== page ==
The Student Loan Arbitrage Play of 2020

Many of us out there are in a similar situation where we have student loan debt. Fortunately, as part of the Government’s response to COVID, they decided to put all our Federal student loans on forbearance.

This included two big things:

  • Suspend all student loan payments
  • 0% Interest rates during this period.

Should you continue to pay off your student loans during this period?

Well the answer depends on your own financial situation. But if the Government says you don’t have to and the interest rates are at 0%, there’s no harm in holding onto your cash in case of more dire emergencies during the pandemic (in addition to the emergency fund you already have of course).

Some of us may also want to take the money that would have gone towards our student loans, and invest it instead.

This is where you have an opportunity to make some money off of arbitrage plays.

Arbitrage Investing in CDs

Step 1: Find an alternative investment vehicle that provides a higher return than 0%.

That’s really all you need. Literally anything that provides any return will do.

If you have an account with Ally Bank, these are the following CDs they offer:

In detail, the following rates are offered for terms less than 1 year:

  • 3 Months: 0.20%
  • 6 Months: 0.25%
  • 9 Months: 0.30%
  • 12 Months: 0.60%

Of course these are very very low rates. If your monthly payment was $500 and you stuck that into a 3-month CD, you would return $0.25 over those 3 months. Which isn’t hardly worth the effort.

An alternative would be to buy Government treasury bills directly. Now these are the rates in December and you’d have to hold all the way to maturity to realize the full potential of the rates, but they are a possible alternative that returns 2-3x more than CDs.

In conclusion, if you really don’t want to pay off your student loans just yet, these are just a few options where you can make a little bit of money.

Arbitrage Investing in the Market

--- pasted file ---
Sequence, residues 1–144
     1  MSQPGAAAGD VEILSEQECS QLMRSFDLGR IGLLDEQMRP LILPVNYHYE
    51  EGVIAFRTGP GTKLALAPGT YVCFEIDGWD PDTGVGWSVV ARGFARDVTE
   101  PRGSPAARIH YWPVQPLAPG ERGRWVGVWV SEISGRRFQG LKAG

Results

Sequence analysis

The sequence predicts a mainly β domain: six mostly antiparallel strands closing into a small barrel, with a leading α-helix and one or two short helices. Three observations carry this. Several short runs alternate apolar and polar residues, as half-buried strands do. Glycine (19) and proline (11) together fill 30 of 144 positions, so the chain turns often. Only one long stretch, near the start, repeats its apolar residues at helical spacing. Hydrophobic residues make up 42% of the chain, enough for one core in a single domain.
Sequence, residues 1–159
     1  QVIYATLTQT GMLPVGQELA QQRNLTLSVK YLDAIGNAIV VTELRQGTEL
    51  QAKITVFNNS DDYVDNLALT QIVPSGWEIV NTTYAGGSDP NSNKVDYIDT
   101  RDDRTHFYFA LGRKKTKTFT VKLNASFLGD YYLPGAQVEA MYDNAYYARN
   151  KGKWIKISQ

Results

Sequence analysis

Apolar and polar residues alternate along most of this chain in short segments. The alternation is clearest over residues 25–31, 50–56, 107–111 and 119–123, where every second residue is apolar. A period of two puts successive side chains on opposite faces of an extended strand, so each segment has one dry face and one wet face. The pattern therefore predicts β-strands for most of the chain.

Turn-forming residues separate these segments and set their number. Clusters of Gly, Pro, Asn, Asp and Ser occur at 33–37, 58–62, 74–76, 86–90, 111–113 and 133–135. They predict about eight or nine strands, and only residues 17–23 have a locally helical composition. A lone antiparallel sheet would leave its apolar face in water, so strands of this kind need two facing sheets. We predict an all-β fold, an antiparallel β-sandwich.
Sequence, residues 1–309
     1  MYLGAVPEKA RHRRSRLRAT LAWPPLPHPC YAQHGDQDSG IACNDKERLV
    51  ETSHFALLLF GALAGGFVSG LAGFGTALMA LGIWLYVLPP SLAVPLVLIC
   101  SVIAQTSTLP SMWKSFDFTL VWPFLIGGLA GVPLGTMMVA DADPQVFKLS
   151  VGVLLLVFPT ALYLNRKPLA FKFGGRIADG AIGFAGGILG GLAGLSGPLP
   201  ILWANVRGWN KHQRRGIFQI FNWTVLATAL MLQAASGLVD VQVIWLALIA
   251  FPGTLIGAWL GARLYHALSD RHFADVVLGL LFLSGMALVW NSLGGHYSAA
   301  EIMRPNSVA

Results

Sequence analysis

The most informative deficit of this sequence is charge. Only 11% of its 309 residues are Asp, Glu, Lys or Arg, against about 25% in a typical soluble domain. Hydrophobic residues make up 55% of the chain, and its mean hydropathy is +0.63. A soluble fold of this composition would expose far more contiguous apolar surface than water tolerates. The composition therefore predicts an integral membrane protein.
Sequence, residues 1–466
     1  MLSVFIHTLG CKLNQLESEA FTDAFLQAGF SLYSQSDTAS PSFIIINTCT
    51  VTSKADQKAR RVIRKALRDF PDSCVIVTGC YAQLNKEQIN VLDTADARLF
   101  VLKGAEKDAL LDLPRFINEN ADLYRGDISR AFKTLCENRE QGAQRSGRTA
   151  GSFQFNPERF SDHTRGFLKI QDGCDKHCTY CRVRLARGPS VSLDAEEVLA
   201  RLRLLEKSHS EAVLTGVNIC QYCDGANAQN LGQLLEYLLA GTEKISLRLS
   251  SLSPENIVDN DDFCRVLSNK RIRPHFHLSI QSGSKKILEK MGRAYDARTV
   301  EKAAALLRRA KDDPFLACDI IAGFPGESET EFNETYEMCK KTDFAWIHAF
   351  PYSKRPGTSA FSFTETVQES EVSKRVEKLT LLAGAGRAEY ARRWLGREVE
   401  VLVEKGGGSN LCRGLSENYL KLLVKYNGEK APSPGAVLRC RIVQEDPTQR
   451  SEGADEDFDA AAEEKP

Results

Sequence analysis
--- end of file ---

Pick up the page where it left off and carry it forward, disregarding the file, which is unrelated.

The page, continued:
If you subscribe to the notion that the market annual average return is around 8-10% (which you should, it’s historically and statistically accurate), then you might consider sticking your money into that instead.

Now, remember that student loans went into forbearance on March 13, 2020.

If you had stuck your $500 monthly payment into the market on that day,¬†you would’ve made around 50% of your investment by December, for a total value of $750. Now this is much higher than the expected 8-10%, and it seems that given the conditions of the pandemic, the market has given much higher returns.

Now this sounds a lot more promising, but it does come with market risk.

What if COVID second wave had crashed the market again?

There’s a lot of uncertainty during these times.

Given that, it’s up to you to decide your own personal risk tolerance and your future ability to pay back these loans once the forbearance period is over. For now, forbearance has been pushed back until January 31, 2021. We don’t know if this is the last time they’re postponing it or if they will give us another extension.

But it’s good to always be ready with some cash to make monthly payments should this period end.

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1 thought on “The Student Loan Arbitrage Play of 2020”

  1. The big question is whether some student loan forgiveness actually takes place as the new administration has alluded to. I think there are a lot of hurdles on that yet (are they overly rewarding the wealthier population who can even consider college to begin with?), but if I still had student loans I would be slow-playing–and slow-paying–that situation until we get clarity on any debt forgiveness plans.

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